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Sural nerve biopsy
  1. J G MCLEOD
  1. Department of Medicine, University of Sydney
  2. Sydney, NSW 2006, Australia
  1. jmcl7953{at}mail.usyd.edu.au

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Sural nerve biopsy has been a well established diagnostic procedure for the investigation of peripheral neuropathies for over 30 years and the techniques and indications were described by Dyck and Loufgren at the Mayo Clinic1 and Thomas.2 Although indications and guidelines for sural nerve biopsy have been described3 and retrospective studies of its value have been published, the first prospective study of the procedure to determine its usefulness in influencing diagnosis and treatment and the complications is reported in the paper by Gabrielet al 4 in this issue (pp442–446).

Full laboratory investigations and neurophysiological studies should be undertaken before biopsy is considered and it is of primary importance that the surgeon is experienced in the procedure and that the tissue can be evaluated by a laboratory experienced in the techniques of light and electron microscopy, teased fibres studies, and the use of immunohistochemical methods of staining. Certain conditions have characteristic histopathological appearances including most cases of chronic inflammatory demyelinating polyradiculoneuropathy (CIDP), CMT1, amyloid neuropathy, vasculitis, sarcoidosis, giant axonal neuropathy, hexacarbon neuropathy, IgM kappa paraproteinaemic neuropathy, metachromatic leukodystrophy, and Krabbe's and Fabry's diseases but in many conditions the appearance of axonal degeneration or mixed axonal degeneration and demyelination is non-specific and nerve biopsy assists the diagnosis only by exclusion.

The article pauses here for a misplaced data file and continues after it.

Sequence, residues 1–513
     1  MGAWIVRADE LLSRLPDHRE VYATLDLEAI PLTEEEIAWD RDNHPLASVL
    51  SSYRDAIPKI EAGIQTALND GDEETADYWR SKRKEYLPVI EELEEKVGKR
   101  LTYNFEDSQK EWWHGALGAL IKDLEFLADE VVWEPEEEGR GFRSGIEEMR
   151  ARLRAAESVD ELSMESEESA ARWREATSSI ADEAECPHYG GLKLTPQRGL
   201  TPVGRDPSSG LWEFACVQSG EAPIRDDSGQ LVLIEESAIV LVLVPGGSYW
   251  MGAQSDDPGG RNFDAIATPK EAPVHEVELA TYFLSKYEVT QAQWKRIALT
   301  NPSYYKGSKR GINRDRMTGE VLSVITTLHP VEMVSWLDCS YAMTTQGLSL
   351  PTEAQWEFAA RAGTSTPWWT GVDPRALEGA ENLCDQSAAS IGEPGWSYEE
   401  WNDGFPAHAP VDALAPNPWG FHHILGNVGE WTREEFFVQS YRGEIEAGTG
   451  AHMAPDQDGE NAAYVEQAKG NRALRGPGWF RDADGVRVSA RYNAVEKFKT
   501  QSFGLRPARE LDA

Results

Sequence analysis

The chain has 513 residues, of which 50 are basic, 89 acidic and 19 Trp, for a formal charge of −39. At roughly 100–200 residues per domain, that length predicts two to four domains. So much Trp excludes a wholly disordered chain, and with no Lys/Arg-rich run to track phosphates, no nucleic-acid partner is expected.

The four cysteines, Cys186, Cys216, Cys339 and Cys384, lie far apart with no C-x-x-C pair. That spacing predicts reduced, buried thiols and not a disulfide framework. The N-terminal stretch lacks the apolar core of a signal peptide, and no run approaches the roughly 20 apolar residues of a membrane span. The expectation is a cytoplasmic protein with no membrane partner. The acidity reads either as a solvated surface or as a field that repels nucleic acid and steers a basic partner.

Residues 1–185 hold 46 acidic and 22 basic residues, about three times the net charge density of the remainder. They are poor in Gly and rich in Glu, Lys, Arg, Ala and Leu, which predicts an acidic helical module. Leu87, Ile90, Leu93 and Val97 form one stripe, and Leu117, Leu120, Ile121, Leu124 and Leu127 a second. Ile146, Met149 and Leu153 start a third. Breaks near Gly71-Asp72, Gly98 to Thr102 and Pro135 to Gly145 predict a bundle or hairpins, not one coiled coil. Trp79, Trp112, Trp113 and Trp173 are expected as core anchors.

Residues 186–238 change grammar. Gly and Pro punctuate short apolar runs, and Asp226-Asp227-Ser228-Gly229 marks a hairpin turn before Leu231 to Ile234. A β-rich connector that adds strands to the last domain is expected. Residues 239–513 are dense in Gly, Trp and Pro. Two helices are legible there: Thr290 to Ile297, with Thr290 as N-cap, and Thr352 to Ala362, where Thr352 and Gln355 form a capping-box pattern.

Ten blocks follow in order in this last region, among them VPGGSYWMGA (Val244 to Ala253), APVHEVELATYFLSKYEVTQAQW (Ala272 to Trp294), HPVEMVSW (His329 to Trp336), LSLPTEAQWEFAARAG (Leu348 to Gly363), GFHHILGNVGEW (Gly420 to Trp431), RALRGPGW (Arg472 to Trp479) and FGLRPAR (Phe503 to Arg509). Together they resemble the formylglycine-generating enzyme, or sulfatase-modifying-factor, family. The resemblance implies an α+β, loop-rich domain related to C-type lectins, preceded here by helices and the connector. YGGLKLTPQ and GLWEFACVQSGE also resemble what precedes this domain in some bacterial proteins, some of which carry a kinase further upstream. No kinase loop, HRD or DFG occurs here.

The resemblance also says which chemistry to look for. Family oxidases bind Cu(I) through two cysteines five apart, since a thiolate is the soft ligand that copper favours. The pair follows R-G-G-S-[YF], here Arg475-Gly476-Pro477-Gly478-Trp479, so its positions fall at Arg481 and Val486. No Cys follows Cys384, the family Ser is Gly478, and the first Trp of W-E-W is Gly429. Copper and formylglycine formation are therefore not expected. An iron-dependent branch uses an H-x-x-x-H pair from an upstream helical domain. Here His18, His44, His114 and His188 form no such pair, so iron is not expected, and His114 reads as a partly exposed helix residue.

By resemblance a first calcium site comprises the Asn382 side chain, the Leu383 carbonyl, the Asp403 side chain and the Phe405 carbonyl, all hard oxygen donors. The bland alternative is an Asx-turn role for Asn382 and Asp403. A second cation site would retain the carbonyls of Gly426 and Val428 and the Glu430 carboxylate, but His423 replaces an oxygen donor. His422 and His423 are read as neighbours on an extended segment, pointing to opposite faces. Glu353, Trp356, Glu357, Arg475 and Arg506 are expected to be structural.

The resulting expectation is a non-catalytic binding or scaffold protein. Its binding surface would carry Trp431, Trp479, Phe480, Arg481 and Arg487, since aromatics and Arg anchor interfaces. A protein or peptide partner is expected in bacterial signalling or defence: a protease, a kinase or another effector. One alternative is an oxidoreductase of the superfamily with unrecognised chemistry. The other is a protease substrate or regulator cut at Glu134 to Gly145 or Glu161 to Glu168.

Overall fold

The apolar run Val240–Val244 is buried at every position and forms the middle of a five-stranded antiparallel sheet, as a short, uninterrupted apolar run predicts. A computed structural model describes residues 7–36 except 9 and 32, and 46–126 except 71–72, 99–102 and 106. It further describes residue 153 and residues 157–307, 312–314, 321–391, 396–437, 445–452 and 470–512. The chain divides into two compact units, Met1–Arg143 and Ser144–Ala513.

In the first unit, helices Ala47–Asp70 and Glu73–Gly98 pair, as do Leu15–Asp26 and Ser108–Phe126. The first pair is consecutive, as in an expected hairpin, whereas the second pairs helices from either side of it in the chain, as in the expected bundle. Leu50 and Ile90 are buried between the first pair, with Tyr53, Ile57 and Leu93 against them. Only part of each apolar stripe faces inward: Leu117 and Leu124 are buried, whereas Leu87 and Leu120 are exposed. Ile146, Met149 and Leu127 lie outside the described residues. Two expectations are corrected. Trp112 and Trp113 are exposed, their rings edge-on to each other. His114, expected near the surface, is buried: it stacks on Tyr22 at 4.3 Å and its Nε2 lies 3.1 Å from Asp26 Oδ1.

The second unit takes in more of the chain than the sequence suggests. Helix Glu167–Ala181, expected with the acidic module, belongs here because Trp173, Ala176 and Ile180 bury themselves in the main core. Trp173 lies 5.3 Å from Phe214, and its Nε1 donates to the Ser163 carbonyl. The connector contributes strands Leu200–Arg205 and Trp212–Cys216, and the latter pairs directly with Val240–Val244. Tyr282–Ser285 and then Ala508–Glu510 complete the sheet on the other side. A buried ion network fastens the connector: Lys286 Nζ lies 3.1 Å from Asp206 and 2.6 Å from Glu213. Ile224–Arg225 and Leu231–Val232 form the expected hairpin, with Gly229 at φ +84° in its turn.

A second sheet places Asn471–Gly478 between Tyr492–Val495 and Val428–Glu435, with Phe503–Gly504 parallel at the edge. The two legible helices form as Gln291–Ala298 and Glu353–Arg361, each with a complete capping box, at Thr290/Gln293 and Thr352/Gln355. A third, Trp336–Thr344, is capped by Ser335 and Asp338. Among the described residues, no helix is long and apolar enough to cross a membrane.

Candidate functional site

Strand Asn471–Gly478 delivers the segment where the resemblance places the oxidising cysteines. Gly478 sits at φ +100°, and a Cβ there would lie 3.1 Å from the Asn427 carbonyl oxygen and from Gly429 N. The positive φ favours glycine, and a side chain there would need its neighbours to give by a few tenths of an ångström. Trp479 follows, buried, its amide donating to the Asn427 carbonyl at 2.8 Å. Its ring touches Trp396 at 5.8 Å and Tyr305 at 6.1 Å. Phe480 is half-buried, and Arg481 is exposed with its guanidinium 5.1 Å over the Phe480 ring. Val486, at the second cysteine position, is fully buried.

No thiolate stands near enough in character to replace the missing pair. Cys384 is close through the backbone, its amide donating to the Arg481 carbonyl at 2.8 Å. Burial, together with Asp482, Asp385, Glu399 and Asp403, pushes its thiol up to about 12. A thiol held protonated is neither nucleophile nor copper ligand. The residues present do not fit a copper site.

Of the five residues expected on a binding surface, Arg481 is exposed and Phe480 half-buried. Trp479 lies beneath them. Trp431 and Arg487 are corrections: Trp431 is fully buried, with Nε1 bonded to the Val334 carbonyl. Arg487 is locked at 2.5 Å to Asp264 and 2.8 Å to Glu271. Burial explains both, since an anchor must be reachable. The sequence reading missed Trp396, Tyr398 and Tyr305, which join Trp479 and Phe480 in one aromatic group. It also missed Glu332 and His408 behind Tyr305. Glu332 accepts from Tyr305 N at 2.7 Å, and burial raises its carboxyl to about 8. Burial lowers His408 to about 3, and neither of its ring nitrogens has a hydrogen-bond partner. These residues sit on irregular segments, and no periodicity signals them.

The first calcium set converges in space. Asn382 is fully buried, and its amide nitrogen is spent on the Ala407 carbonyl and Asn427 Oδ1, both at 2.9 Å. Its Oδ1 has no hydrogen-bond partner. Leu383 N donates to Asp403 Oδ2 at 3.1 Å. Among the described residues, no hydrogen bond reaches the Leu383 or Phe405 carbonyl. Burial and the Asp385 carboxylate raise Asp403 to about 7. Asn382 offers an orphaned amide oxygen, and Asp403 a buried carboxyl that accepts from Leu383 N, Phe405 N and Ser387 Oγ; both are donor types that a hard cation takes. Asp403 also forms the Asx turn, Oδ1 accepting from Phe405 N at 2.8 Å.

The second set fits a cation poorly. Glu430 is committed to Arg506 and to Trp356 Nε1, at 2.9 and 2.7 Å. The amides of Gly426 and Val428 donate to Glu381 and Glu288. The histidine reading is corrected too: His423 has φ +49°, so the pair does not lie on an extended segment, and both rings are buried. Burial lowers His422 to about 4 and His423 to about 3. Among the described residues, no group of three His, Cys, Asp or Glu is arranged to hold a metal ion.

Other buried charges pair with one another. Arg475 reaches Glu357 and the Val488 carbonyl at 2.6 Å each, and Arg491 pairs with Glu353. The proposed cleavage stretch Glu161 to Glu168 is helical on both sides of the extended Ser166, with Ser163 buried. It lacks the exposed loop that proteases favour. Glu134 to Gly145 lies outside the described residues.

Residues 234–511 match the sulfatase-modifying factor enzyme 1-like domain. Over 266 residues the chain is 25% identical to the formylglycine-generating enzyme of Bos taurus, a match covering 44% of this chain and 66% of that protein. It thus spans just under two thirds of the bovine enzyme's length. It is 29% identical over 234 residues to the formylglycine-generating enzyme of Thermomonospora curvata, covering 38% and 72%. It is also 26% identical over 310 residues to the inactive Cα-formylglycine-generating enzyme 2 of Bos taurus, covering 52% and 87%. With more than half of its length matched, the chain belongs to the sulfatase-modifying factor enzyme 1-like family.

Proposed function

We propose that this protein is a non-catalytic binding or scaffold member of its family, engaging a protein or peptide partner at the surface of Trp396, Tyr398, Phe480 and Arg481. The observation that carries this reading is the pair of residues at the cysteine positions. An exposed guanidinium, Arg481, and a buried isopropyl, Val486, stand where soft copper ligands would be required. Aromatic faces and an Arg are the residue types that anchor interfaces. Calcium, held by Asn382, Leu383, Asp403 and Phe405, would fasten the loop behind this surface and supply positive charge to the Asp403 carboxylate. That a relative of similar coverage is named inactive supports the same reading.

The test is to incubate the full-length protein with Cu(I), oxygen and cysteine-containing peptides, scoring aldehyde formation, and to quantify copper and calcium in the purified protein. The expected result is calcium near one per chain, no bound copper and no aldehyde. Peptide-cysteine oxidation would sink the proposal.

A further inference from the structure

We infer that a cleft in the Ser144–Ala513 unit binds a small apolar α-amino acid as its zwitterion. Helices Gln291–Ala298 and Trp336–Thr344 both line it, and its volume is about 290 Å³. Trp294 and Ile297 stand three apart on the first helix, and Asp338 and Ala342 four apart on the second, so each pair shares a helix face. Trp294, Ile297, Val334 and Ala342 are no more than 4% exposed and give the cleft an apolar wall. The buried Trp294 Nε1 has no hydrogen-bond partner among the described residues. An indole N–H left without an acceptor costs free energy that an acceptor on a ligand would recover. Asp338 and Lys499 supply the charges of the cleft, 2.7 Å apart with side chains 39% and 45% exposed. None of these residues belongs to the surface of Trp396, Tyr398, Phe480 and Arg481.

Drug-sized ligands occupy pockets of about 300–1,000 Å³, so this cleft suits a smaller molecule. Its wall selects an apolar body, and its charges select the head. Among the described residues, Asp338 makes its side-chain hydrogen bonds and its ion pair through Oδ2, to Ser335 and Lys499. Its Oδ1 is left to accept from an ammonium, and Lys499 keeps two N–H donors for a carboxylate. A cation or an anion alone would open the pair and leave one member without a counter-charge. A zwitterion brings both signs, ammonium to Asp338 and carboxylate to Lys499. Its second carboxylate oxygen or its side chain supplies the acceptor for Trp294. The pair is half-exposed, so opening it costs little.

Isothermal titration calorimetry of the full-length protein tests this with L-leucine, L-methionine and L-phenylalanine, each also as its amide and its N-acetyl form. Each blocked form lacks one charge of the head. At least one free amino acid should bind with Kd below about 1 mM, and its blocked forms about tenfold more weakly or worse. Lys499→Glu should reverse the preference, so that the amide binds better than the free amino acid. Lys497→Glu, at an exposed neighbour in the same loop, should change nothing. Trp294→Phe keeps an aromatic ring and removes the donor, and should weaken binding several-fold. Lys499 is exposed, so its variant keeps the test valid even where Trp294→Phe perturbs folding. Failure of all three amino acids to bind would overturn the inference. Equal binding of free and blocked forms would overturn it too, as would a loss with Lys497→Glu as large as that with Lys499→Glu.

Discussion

Sural nerve biopsy has complications of pain, infection, sensory loss, and delayed wound healing and should only be undertaken in cases of peripheral neuropathy where there are good prospects of its significantly assisting in the diagnosis, as was the case in the study of Gabriel et al,4 which examined the value of biopsy in 50 consecutive patients. In their series biopsy was performed only when it might have disclosed a treatable cause and therefore many hereditary neuropathies with characteristic pathology would have been excluded. In seven cases the prebiopsy diagnosis was altered by the biopsy and in 60% of cases an independent neurologist judged that it had been helpful, particularly in mononeuritis multiplex and demyelinating neuropathies.

It is clear that sural nerve biopsy has an important place in the diagnosis of peripheral nerve disease and, in the case of vasculitic neuropathy confined to peripheral nerves, it is the only certain way of making the diagnosis of the treatable condition. The value of biopsy needs to be weighed against the complications of persistent pain at the biopsy site (33%), infection (15%), and patient dissatisfaction with the procedure (27%).

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